Despite being hailed and still regarded as a hero who saved many lives through his decision to crash the BF5 fighter Jet around the national stadium on the eve of the 2018 BDF day, the deceased Pilot, Major Clifford Manyuni’s actions were treated as a letdown within the army, especially by his master-Commander of the Air Arm, Major General Innocent Phatshwane.
Manyuni’s master says he was utterly disappointed with his Pilot’s failure to perform “simple basics.”
Manyuni was regarded as a hero through social media for his ‘colourful exploits’, but Phatshwane who recently retired as the Air Arm Commander, revealed to WeekendPost in an exclusive interview that while he appreciated Batswana’s outpouring of emotions and love towards his departed Pilot, he strongly felt let down by the Pilot “because there was nothing wrong with that Fighter Jet and Manyuni did not report any problem either.”
The deceased Pilot, Manyuni was known within the army to be an upwardly mobile aviator and in particular an air power proponent.
“I was hurt and very disappointed because nobody knows why he decided to crash a well-functioning aircraft,” stated Phatshwane – a veteran pilot with over 40 years of experience under the Air Arm unit.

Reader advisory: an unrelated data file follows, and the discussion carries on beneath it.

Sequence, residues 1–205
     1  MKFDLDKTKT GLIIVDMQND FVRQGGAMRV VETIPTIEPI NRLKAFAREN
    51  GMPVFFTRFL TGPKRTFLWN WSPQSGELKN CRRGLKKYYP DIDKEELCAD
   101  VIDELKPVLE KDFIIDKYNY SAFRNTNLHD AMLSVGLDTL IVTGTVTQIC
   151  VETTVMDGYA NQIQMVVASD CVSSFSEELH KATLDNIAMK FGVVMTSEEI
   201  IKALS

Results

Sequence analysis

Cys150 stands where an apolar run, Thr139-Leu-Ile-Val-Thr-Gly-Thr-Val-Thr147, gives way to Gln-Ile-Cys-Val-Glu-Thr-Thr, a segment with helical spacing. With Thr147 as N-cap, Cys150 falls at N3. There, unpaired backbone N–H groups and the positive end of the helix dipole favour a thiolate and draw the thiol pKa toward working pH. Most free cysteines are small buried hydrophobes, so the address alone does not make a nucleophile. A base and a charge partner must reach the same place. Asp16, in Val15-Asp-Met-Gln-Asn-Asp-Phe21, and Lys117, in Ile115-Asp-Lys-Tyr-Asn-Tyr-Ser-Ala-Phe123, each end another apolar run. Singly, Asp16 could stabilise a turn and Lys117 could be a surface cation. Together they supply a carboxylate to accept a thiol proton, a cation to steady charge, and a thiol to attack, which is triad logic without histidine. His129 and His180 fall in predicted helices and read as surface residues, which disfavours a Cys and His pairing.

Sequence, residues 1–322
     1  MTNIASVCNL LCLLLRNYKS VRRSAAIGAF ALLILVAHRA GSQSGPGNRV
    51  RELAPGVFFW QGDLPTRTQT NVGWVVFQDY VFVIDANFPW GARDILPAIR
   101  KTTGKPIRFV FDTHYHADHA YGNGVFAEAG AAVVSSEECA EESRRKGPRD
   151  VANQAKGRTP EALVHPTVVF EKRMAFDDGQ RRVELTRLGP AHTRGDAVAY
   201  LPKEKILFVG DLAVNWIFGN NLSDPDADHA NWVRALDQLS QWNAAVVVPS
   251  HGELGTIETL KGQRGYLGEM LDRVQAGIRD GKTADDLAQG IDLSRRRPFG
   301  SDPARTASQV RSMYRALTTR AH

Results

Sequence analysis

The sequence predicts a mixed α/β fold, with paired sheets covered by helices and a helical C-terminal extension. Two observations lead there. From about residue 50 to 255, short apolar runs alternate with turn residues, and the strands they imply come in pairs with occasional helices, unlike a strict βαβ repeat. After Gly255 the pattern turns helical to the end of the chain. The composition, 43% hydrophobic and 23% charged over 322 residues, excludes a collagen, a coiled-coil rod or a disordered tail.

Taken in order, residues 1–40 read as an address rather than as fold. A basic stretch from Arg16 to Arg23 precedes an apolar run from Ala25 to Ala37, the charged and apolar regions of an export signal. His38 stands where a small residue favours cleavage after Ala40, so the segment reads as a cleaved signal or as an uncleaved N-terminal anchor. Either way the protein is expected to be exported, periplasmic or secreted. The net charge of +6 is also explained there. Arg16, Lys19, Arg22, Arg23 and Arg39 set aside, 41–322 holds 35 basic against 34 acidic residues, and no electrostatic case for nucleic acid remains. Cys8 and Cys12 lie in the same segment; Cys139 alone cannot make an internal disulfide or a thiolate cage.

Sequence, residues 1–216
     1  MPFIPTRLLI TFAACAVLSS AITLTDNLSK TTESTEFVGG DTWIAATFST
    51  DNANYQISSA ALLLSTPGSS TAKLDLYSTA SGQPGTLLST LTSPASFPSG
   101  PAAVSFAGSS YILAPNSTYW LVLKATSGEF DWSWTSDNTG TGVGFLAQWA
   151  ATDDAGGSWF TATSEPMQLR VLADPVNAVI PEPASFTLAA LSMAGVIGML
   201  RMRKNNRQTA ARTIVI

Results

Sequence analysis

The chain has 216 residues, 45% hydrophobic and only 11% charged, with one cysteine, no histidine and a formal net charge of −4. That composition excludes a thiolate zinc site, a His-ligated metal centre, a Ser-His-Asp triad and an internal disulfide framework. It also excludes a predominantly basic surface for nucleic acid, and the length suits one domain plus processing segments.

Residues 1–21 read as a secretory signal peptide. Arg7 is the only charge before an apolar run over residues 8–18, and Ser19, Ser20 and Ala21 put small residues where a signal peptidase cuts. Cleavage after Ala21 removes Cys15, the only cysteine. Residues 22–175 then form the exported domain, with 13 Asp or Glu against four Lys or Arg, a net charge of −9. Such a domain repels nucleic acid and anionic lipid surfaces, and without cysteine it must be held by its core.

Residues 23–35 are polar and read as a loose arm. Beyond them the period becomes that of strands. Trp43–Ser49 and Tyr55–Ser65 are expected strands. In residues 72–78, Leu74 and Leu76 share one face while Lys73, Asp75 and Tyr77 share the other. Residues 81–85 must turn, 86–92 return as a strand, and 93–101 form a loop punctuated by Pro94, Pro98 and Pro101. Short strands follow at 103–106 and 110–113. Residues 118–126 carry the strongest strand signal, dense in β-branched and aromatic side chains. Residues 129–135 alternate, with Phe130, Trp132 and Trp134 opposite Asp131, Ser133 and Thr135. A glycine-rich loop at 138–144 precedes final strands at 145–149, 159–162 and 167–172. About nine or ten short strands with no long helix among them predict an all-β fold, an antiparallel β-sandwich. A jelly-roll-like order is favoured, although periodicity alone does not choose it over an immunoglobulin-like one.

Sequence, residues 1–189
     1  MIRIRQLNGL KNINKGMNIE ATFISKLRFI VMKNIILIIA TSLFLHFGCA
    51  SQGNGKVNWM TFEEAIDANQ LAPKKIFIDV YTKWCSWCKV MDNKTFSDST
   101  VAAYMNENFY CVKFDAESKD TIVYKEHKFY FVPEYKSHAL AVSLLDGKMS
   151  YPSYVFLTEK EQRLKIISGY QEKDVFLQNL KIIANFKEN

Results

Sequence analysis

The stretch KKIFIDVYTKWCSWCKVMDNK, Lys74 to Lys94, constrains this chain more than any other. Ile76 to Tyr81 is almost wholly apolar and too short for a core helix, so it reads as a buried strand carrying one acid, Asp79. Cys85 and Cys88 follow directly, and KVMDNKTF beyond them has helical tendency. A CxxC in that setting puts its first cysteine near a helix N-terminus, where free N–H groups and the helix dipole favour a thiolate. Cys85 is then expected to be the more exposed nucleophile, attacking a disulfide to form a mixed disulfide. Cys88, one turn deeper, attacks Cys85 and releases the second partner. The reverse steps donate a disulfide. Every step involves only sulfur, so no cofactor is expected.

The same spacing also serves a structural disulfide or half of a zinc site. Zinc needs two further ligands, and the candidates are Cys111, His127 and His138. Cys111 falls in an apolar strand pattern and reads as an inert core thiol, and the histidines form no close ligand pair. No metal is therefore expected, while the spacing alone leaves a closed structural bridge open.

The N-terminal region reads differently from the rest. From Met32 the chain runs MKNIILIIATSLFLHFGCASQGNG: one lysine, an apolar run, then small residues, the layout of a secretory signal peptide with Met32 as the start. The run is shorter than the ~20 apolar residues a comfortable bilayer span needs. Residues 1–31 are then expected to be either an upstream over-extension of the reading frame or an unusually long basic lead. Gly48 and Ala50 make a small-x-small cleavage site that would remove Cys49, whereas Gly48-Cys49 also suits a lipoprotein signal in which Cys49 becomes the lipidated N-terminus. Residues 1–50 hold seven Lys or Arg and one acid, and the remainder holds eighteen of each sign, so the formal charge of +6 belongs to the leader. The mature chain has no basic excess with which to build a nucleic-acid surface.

Phatshwane went on to express shock at Manyuni’s flagrant disregard for the rules of the game, “they were in a formation if you recall well and the guiding principle in that set-up is that if you have any problem, you immediately report to the formation team leader and signal a break-away from the formation.
Manyuni disregarded all these basic rules, not even to report to anybody-team members or even the barracks,” revealed Phatshwane when engaged on the much-publicised 2018 incident that took the life of a Rakops-born Pilot of BDF Class 27 of 2003/2004.
Phatshwane quickly dismisses the suggestion that perhaps the Fighter Jet could have been faulty, “the reasons why I am saying I was disappointed is that the aircraft was also in good condition and well-functioning. It was in our best interest to know what could have caused the accident and we launched a wholesale post-accident investigation which revealed that everything in the structure was working perfectly well,” he stated.
Phatshwane continued: “we thoroughly assessed the condition of the engine of the aircraft as well as the safety measures-especially the ejection seat which is the Pilot’s best safety companion under any life-threatening situation. All were perfectly functional.”
In aircrafts, an ejection seat or ejector seat is a system designed to rescue the pilot or other crew of an aircraft in an emergency. The seat is propelled out of the aircraft by an explosive charge or rocket motor, carrying the pilot with it.”
Manyuni knew about all these safety measures and had checked their functionality prior to using the Aircraft as is routine practice, according to Phatshwane. Could Manyuni have been going through emotional distress of some sort? Phatshwane says while he may never really know about that, what he can say is that there are laid out procedures in aviation guiding instances of emotional instability which Manyuni also knew about.